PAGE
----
Wahkiakum County Sheriff Mark Howie has joined other sheriffs in condemning Initiative 1639 and said Wednesday he will not actively enforce the law, which in part requires gun owners to store firearms in a place where a “prohibited person” could not gain access to them.

The initiative violates his oath of office and the state and federal constitutions, Howie said.

“I am not going to violate my oath I have taken to uphold the constitution and go and check people’s houses on a yearly basis to make sure they’re complying with this initiative as it’s written.”

The sheriff’s office will take enforcement case by case, Howie said: A 70-year-old man living alone with an unsecured gun on his nightstand, for example, would be treated differently than a house with guns “lying all over the place” and children running around.

But he wants more clarity in the law and said he’s awaiting the results of a state Supreme Court challenge that gun rights groups have filed against the initiative. Howie said it was “(at) least negligent” for lawmakers to write the initiative without collaborating more with the sheriffs, who will be tasked with performing criminal and mental health background checks the measure requires.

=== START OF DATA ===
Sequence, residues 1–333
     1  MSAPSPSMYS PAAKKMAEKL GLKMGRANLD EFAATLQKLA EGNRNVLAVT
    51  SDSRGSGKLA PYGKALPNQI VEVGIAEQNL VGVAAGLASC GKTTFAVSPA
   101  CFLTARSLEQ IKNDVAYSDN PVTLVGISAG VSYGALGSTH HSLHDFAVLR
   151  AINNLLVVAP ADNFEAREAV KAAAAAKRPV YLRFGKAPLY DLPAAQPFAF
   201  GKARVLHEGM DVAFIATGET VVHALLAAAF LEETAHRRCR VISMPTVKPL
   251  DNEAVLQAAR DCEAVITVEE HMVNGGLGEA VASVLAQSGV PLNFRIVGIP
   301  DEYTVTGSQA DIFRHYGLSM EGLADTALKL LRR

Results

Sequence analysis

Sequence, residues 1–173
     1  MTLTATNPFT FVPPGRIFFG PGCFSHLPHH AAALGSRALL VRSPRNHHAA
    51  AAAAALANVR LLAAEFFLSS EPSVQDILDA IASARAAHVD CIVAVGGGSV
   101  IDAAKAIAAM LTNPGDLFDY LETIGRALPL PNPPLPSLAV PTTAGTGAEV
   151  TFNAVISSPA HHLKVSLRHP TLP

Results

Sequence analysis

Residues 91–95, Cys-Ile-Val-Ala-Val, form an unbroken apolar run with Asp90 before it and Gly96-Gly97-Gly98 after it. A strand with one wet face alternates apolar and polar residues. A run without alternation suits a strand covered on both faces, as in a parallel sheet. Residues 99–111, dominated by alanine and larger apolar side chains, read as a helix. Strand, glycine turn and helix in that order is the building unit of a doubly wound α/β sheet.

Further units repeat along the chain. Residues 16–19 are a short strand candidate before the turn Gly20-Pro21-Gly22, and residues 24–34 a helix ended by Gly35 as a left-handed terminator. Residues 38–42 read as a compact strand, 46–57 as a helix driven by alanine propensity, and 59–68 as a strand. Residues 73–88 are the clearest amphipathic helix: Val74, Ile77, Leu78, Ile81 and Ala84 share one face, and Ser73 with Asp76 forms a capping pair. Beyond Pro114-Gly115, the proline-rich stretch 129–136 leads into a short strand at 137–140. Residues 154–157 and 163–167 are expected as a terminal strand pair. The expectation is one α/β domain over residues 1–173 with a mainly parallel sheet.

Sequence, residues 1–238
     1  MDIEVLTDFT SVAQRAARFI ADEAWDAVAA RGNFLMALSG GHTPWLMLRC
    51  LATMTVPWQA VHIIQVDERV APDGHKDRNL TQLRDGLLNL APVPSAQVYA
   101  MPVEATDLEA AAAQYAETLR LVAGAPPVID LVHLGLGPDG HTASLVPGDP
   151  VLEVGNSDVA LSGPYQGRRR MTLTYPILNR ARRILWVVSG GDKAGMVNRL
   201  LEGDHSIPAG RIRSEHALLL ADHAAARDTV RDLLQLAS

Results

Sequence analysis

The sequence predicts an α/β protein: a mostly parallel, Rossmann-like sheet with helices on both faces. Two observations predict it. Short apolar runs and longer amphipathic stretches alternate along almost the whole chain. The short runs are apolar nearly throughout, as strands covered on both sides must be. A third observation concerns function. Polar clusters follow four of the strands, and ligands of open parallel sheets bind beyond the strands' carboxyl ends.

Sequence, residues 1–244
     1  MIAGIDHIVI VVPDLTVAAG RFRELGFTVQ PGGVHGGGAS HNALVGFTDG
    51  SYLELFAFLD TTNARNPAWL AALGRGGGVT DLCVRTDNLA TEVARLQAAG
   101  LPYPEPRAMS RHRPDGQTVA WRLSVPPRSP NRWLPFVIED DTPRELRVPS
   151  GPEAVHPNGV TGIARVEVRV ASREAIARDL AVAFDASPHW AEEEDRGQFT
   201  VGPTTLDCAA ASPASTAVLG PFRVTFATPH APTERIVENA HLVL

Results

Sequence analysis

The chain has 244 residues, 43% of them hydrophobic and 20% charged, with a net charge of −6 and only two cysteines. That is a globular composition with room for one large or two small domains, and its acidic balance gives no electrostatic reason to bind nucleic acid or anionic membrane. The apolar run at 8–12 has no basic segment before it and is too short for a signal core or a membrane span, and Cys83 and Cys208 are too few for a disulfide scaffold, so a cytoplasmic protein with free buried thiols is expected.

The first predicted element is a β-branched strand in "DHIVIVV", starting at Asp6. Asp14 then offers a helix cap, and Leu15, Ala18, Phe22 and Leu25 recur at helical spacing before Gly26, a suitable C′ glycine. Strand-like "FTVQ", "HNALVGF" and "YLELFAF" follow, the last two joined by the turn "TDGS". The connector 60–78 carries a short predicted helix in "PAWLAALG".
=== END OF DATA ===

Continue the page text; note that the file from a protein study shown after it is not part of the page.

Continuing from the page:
Among its provisions, I-1639 mandates background checks for what it calls “semi-automatic assault rifles” and raises the minimum age for purchase and possession of such weapons from 18 to 21.

Asked what he would do if his officers encounter a 20-year-old in possession of a semi-automatic rifle, Howie said, “I’d have (deputies) draw a case number on it, document it, and send it my way. I would not have them arrest them.”

Wahkiakum County voted 65 to 35 percent against the initiative in the November general election, but it passed statewide with 59 percent of the vote.

Supporters of the initiative argue that 18- to 21-year-olds have less-developed capacities for decision-making and impulse control. They also argue that semi-automatic rifles lead to far more deaths in mass shootings and ought to require a higher degree of training and background checks.

But sheriffs and lawmen around the state are objecting to the new law, including the sheriffs of Lewis and Cowlitz counties. One of the most outspoken critics is Loren Culp, police chief of the town of Republic in Northeast Washington. He drew national attention in November when he announced he would not enforce the law and called for an ordinance to “prevent federal and state infringement on the right to keep and bear arms.”

Howie says the initiative is just not fair.

“It puts a burden on law abiding citizens and law enforcement while creating no accountability for criminals that violate any firearms law,” he said.

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